Smokers always find it offensive when you tell them not to smoke around you. Choosing to smoke and destroying your own health is one thing but passive smoking, also known as Environmental Tobacco Smoke (ETS) or Second-hand Smoke (SHS), damages the health of those around you. The first global study into the effects of passive smoking has estimated it causes 600,000 deaths every year.
A non-smoker is subjected to both the “side stream” smoke from the burning tip of the cigarette and the “mainstream” smoke that has been inhaled and then is exhaled into their environment by the smoker. Most of the smoke that builds up in a room containing a smoker is of the more harmful “side stream” type. It is not too much of a conceptual leap to understand that the smoke from cigarettes, which is so bad for the smoker, is also damaging to everyone else.
Tobacco smoke contains cancer-causing carcinogenic agents. Tobacco smoke also contains carbon monoxide, a poisonous gas, which inhibits the transportation of oxygen to the body’s vital organs via the blood. The smoke emitted from the tip of a cigarette has about double the concentration of nicotine and tar as the smoke being directly inhaled by the smoker. It also contains about three times the amount of the carcinogen benzo(a)pyrene, five times the level of carbon monoxide and about 50 times the amount of ammonia. Add to these the other chemicals in the smoke like arsenic, formaldehyde, vinyl chloride, and hydrogen cyanide and you have a very unappetizing toxic gas cocktail. Remember that the passive smoker receives all of this and gets none of the enjoyment that you get out of smoking in return. Many of the potentially toxic gasses in the smoke are present in higher concentrations in the “side stream” smoke than in the “mainstream” smoke.
In tests, tobacco specific carcinogens have been found in samples of blood or urine provided by non-smokers who have been exposed to passive smoking. The great Gani Fawehinmi SAN died in 2009 after a prolonged battle with lung cancer. Prior to his death, he maintained he doesn’t smoke and was astonished when the doctors in UK told him he had lung cancer.
Any person exposed to passive smoking may experience short-term symptoms such as a headache, a cough, wheezing, an eye irritation, a sore throat, nausea or dizziness. Adults with asthma may also experience a significant decline in lung function when exposed to second-hand smoke. Under these conditions it can take as little as half an hour for an individual’s coronary blood flow to become reduced.
It was estimated that prolonged exposure to second-hand tobacco smoke, such as in the home, increases the risk of lung cancer by approximately 20 to 25%. Even if you do not accept the accuracy of these percentages, it is well established that you have an increased chance of developing lung cancer through passive smoking if you are a non-smoker but live with someone who smokes. The chances of suffering from ischaemic heart disease are greater for those exposed to passive smoking compared to those who are not. Studies have shown that the risk of experiencing a heart attack is believed to be almost doubled by regular exposure to second-hand smoke.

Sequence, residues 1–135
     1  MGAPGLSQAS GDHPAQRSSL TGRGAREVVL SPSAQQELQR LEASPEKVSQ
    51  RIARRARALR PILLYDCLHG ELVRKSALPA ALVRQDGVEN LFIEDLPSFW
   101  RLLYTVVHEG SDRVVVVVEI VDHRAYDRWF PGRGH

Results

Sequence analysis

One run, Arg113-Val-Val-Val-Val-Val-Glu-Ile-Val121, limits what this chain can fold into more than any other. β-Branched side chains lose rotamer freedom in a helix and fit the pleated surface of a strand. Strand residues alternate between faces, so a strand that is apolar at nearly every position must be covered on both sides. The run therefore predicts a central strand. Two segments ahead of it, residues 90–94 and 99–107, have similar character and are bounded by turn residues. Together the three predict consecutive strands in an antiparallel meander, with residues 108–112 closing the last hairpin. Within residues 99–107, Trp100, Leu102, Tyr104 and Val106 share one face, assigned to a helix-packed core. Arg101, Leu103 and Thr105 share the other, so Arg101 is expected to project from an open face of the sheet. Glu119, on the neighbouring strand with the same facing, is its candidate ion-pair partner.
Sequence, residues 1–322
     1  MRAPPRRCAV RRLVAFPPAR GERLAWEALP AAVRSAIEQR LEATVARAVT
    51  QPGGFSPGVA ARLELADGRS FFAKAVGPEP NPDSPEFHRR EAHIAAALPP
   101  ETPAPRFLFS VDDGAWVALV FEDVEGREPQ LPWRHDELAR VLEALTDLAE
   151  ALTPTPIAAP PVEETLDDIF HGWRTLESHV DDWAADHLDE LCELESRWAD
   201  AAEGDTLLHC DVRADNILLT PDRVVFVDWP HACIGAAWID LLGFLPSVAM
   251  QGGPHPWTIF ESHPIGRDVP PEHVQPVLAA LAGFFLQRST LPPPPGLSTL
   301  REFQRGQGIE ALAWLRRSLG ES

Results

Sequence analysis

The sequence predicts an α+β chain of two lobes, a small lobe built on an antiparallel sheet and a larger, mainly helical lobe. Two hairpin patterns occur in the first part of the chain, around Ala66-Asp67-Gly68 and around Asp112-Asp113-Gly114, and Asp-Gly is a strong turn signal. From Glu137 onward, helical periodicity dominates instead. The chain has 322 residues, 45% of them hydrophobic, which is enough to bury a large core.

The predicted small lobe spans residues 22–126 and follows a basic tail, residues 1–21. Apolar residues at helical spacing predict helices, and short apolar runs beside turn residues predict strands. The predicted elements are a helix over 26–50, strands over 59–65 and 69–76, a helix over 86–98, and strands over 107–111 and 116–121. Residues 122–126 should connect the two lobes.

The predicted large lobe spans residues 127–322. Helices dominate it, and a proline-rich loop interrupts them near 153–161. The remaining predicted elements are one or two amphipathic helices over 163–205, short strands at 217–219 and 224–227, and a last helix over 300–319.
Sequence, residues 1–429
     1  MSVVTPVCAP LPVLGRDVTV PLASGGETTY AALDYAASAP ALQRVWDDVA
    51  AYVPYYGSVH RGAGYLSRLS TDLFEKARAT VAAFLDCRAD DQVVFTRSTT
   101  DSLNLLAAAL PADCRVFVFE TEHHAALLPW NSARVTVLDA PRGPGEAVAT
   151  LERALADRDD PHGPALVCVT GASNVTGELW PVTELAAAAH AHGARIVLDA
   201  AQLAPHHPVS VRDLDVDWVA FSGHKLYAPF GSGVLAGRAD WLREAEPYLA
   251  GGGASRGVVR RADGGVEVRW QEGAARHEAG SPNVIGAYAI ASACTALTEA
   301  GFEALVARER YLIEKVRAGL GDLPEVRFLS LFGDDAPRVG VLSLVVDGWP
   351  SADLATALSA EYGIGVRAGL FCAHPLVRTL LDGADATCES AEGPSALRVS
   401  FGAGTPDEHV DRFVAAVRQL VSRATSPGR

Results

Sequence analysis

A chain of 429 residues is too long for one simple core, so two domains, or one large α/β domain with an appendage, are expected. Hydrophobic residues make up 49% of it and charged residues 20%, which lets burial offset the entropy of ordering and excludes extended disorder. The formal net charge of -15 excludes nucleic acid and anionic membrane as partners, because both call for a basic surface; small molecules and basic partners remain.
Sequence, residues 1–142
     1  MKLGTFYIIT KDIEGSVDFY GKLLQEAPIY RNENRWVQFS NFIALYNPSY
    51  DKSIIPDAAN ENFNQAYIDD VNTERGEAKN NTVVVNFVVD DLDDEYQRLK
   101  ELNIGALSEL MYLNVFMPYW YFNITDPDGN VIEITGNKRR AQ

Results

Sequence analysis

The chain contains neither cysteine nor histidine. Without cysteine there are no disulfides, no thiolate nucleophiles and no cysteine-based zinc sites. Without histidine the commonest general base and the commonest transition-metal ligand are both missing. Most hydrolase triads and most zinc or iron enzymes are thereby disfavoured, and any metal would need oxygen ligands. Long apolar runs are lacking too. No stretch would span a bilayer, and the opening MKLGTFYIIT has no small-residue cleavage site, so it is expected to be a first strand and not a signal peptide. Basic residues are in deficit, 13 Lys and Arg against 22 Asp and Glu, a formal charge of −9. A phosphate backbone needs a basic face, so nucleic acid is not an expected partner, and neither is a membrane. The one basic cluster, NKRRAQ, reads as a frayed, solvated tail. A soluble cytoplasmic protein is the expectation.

Some of the most serious damage inflicted by passive smoking is done to children during their formative years. As you would expect, a child’s bronchial tubes are smaller and their immune systems are less developed making them more susceptible to the harmful effects of passive smoking. Due to the fact that their airways are smaller, children breathe faster than adults and, consequently, they actually breathe in comparatively more of the harmful chemicals in the smoke, based on their body weight, than adults do.Young children, by necessity, spend a lot of time at home and maternal smoking is one of the major sources of passive smoking because of the child’s close proximity to their parents during early childhood.
Exposure to tobacco smoke can double the chances of your child requiring hospitalisation for illnesses like bronchitis, bronchiolitis, and pneumonia that affect the lower respiratory tract, especially during the first year of life. They are also more likely to suffer from ear infections (glue ear), tonsillitis, and asthma. Passive smoking is known to be one of the main contributing factors in the development of childhood asthma. It can exacerbate existing asthma, increasing both the frequency of the attack and its severity. Second-hand tobacco smoke may damage a child’s olfactory function so that they have difficulty differentiating certain smells. There is also the chance that passive smoking may have a negative effect on a child’s cognitive abilities, impairing their ability to read or use reasoning skills.
Just as a woman should not smoke during pregnancy, she should not be exposed to second-hand tobacco smoke. There are links between parental smoking and the incidence of Sudden Infant Death Syndrome or “cot death”. It has been estimated that the infants of mothers who smoke are put at almost five times the risk of dying from “cot death” when compared to the infants of mothers who do not smoke. Passive smoking is also a recognised factor in lowering the birth weight of babies.
Not only can passive smoking harm your foetus but it can also reduce the chances of you getting pregnant in the first place. Female fertility can suffer because of passive smoking, making it harder to conceive a child.
To continue to smoke and put the health of your family and loved-ones at risk would seem, on the face of it, to be a rather selfish act. When you take into account the damage that smoking is doing to your own body, then it seems more like insanity.
Think of how traumatic it would be if a member of your family became ill or died because of your smoking habit. Now consider the fact that they would feel exactly the same way if smoking ended your life prematurely or made you seriously ill. You may find yourself asking “Why do I still smoke?”